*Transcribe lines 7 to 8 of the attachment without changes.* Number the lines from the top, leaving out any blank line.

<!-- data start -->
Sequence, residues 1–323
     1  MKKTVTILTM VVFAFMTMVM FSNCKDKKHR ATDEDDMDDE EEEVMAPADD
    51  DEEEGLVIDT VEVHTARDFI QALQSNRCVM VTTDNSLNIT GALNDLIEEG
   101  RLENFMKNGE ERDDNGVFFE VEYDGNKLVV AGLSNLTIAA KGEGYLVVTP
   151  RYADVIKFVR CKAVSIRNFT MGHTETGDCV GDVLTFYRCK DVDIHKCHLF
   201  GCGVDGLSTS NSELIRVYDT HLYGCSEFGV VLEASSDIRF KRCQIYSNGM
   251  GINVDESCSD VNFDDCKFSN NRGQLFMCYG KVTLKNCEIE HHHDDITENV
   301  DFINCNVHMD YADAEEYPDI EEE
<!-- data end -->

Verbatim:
   251  GINVDESCSD VNFDDCKFSN NRGQLFMCYG KVTLKNCEIE HHHDDITENV
   301  DFINCNVHMD YADAEEYPDI EEE